Ask any metalhead/hardcore kid if they’ve heard We Are the Romans. They’ll either scoff at you for asking them such a blasphemous question, or blankly look at you, confused. If it’s the latter, you’re probably at Warped Tour. The universally-acclaimed We Are the Romans remains the band’s shining achievement, a synthesis of many extremes: lyrics expressing anger, aggression, and abstraction screamed by the manliest of men, immediate barrages of distorted guitar riffs bordering on the absurdly heavy, precise and massive drumming, and rumbling, gain-laced bass. These elements might seem familiar by now, but with this release, they have been perfected, meticulously arranged, and laid down, somehow in such a short time after American Nervoso. Within the first few seconds, “To Our Friends in the Great White North” grabs you, twists your neck, sends you spinning, and just before the last minute, brings you back down for a little bit before throwing you off a cliff with one of the heaviest outros in existence. This just keeps going. “Mondrian Was a Liar” is under 3 minutes, and in such a relatively short time will make you swear you’re invincible while you take in the head-spinning riffs, low-end attack, out-there lyrics, and wall of drums.

The song titles, mostly inside jokes and phrases, were brought to the table by bassist Brian Cook and range from the straightforward above, to the humorous (“I Wanna Be A Sex Symbol On My Own Terms”), to the odd (“Swimming the Channel Vs. Driving the Chunnel) and the factual (“C. Thomas Howell as the ‘Soul Man’”). Despite being recorded in a month, a year after their last album, there is a clear and substantial improvement in both the talent of the band and the expertise of producer Matt Bayles. Until now, the only thing that was left to be desired from Botch was production value, and We Are the Romans delivers in spades. Dynamics are a greater part of the process, and those few moments of silence between moments of destruction make the fury mean that much more. If you wanted to, you could play the subgenres game, identifying everything from intricate, downtempo post-rock (“Swimming the Channel”) to two-step hardcore (“Frequency Ass Bandit”) to mysterious Gregorian chanting (“Man the Ramparts”) and noisy IDM (“We Are the Romans”) over the course of the album. Botch does not limit itself, and it shows on this masterpiece. Give it a few listens, and then some more, until you agree with the rest of us, because you will.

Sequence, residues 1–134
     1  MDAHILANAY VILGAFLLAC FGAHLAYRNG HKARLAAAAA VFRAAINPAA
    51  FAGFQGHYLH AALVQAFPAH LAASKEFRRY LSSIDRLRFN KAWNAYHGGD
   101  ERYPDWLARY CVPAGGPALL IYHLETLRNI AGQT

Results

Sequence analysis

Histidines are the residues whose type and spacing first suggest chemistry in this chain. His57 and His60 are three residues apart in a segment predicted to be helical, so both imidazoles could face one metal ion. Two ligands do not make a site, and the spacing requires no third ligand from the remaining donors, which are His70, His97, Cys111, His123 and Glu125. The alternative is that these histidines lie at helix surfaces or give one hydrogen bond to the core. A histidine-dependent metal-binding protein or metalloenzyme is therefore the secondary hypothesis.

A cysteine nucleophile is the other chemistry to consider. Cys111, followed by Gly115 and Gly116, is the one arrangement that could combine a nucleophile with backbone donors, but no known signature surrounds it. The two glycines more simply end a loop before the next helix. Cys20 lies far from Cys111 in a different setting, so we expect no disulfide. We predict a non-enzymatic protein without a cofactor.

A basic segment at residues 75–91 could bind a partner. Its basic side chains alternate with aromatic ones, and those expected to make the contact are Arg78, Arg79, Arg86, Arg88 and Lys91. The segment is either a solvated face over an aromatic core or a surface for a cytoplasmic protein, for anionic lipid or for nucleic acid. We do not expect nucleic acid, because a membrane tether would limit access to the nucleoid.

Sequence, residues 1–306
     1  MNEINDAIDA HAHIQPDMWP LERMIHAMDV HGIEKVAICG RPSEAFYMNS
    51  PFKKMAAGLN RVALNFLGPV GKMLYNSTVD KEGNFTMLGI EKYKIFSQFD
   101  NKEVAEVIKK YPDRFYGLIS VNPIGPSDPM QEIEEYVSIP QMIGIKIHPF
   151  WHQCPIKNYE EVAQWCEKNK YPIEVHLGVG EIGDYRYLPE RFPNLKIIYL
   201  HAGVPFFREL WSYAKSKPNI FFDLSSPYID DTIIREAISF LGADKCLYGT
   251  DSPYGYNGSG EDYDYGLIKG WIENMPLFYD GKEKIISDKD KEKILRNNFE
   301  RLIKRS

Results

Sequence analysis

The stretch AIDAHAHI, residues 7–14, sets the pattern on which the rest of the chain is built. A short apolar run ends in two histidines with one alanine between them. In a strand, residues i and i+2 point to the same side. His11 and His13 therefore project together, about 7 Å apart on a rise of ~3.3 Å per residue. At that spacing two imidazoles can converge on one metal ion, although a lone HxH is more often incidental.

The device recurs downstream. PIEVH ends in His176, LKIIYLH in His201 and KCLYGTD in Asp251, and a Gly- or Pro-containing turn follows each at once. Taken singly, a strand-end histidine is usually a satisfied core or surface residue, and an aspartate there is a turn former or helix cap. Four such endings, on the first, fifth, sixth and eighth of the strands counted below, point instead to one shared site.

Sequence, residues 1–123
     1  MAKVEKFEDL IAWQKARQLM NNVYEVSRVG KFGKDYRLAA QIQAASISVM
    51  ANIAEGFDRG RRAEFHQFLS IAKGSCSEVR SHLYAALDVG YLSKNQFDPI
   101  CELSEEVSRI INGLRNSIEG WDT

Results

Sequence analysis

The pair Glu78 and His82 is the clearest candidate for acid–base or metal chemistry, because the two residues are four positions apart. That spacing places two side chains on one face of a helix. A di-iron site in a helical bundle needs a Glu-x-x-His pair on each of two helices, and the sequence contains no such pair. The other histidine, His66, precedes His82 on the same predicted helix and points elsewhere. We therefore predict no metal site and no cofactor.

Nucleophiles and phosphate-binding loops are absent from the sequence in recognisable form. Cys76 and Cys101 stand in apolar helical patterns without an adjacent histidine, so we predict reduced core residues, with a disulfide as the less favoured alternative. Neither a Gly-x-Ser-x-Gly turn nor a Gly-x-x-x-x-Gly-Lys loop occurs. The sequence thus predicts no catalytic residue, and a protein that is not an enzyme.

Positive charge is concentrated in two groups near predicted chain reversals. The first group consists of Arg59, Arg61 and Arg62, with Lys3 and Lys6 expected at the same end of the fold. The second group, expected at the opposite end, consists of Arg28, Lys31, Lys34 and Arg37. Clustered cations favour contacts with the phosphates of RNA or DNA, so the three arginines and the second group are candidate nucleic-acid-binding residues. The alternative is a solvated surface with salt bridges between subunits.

An Anthology of Dead Ends (2002)

Botch laid their weapons to rest in mid-2002. Their final show was held in June 2002. They later released a live DVD to commemorate this occasion (61502), and four months after their breakup, they released their swan song, the EP An Anthology of Dead Ends. As the title suggests, the release compiles songs written/road-tested/recorded after the release of We Are the Romans. The six tracks on this EP showcase more brimstone fury, once again upping the ante on instrumental complexity, vocals, effects, creativity and diversity. The song titles demonstrate more of the band’s unique sense of humor, with all songs being names of countries with their N’s switched for M’s (“Japam,” “Framce,” “Vietmam”). Opener “Japam,” which follows demented whammy-pedal interlude “Spaim,” is a flurry of tapping, nimble fretwork, creamy/purring distorted bass, and possibly the heaviest riff in 6/4 you’ve ever heard.

What may surprise you the most on this EP is seven-minute quiet slow-burner “Afghamistam” beginning with a simple two-note clean bass part, and building up to include winding looped guitar parts, plodding drums, and ending with a beautiful piano/string outro. The beauty is there, but doesn’t last for long, going straight into the noisy drum solo intro of “Micaragua.” Two minutes in, more brutality follows, and the band chooses to go out with a massive bang instead of a piano-led hush. This release is more than an anthology. It is an end-cap on an important era. The genre of “mathcore” owes its existence to these founding fathers, and devoting a few listens to finding out why might be more rewarding than you’d expect.